Putting these agents and their worlds on the network could maximise their utilisation and testing, in the same way that the original purpose of the Arpanet/Internet was to maximise the utilisation of rare and expensive remote federally-funded mainframes. While their creators have moved on and are busy with new projects, the agents and worlds will survive and will be linked to people who have the time and inclination to do further work with them. Experiments will be done with them that their creators would never have thought of.
Clearly, it will be easier to provide remote access to a software-only world (you can give every client their own copy) than to a robotic test world - the robot owners will want to control who (if anyone) uses their robots remotely. This will be addressed in detail below. For software-only worlds it should not be hard to set up a server to provide the existence of the world long after its creator has departed. For example, animat researchers would be very interested in the existence of a server for a complex animal behaviour world, such as Tyrrell's world [Tyrrell, 1993].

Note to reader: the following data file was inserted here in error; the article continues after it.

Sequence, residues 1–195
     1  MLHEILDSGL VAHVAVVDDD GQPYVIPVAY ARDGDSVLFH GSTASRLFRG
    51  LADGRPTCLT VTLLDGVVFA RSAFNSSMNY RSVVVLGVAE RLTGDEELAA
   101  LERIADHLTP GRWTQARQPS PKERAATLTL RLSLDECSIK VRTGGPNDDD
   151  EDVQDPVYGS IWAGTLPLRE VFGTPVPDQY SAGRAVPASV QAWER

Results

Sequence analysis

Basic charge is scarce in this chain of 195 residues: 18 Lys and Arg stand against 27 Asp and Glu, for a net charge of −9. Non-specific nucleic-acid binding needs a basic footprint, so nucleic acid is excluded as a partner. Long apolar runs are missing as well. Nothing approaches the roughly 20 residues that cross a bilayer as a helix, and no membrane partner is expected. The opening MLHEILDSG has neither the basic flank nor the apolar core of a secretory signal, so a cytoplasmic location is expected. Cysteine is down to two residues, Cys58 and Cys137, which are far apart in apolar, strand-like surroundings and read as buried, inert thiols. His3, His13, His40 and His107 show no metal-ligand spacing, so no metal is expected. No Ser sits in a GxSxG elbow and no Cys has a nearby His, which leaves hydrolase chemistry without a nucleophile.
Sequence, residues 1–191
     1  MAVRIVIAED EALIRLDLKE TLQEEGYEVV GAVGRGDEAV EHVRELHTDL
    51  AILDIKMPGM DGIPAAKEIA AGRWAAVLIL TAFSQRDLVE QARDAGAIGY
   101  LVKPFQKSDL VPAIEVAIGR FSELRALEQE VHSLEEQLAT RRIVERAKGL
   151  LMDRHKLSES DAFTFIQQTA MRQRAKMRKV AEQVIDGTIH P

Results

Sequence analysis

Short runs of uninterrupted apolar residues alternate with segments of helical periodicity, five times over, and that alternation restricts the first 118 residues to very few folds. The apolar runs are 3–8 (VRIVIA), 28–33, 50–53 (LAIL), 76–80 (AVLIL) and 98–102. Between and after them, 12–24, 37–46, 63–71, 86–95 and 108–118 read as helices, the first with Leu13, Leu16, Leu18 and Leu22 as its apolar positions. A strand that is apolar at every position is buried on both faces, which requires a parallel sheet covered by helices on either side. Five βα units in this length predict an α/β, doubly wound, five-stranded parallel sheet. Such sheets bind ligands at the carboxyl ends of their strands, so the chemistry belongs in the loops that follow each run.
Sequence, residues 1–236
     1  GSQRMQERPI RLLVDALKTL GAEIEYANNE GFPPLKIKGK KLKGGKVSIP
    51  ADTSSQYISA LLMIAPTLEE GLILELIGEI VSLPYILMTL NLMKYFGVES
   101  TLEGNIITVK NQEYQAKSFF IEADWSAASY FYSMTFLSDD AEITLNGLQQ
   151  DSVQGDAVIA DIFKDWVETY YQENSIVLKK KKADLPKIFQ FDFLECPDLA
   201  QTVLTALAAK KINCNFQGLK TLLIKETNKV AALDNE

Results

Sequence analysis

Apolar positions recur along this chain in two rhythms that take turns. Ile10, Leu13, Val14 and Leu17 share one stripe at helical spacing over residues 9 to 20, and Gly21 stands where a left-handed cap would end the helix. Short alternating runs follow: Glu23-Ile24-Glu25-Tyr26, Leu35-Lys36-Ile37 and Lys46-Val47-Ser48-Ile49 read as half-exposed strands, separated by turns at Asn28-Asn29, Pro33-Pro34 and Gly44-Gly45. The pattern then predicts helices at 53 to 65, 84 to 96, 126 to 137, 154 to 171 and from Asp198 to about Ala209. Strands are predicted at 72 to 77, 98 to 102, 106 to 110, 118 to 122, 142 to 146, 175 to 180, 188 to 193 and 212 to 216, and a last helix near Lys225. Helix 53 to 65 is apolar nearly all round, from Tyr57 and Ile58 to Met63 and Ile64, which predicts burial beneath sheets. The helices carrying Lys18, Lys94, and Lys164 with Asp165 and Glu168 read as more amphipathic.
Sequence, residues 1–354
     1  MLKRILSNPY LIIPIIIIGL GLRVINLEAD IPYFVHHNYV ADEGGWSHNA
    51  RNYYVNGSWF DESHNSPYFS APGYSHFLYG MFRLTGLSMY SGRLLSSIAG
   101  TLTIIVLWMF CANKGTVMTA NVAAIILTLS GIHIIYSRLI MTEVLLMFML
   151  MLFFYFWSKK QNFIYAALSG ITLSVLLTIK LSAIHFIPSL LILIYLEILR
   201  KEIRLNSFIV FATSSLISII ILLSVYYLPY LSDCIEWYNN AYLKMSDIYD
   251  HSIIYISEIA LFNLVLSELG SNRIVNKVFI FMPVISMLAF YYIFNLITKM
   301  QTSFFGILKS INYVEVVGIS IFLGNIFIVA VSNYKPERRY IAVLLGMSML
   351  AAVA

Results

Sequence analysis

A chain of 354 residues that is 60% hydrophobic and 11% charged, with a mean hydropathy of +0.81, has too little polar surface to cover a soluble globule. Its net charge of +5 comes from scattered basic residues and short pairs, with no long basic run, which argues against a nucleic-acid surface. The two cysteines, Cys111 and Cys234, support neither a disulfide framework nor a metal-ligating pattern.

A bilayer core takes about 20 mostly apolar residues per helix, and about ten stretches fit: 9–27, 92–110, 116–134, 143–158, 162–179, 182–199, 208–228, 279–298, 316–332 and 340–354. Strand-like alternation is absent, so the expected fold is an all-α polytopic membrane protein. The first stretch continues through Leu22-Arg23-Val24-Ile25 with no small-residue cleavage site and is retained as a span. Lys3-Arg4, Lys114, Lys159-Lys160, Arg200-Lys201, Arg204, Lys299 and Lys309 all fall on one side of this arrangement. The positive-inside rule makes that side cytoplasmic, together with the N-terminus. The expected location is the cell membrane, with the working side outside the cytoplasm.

To complete the criticism of the current situation, there is definitely something in the evolutionary criticism (referred to above) that advanced behavior control systems may be too complex to be understood.
As AI scales up, it is envisaged that minds will take on a level of complexity analogous to, say, a national economy, where each component may be understood by someone, but the dynamics of the entire system is too complex to be grasped by one individual. In the system we will propose, of a vast network of servers calling other servers, each individual link in the network will make sense to the person who set it up, but there is no need for the system as a whole to be grasped by any single individual.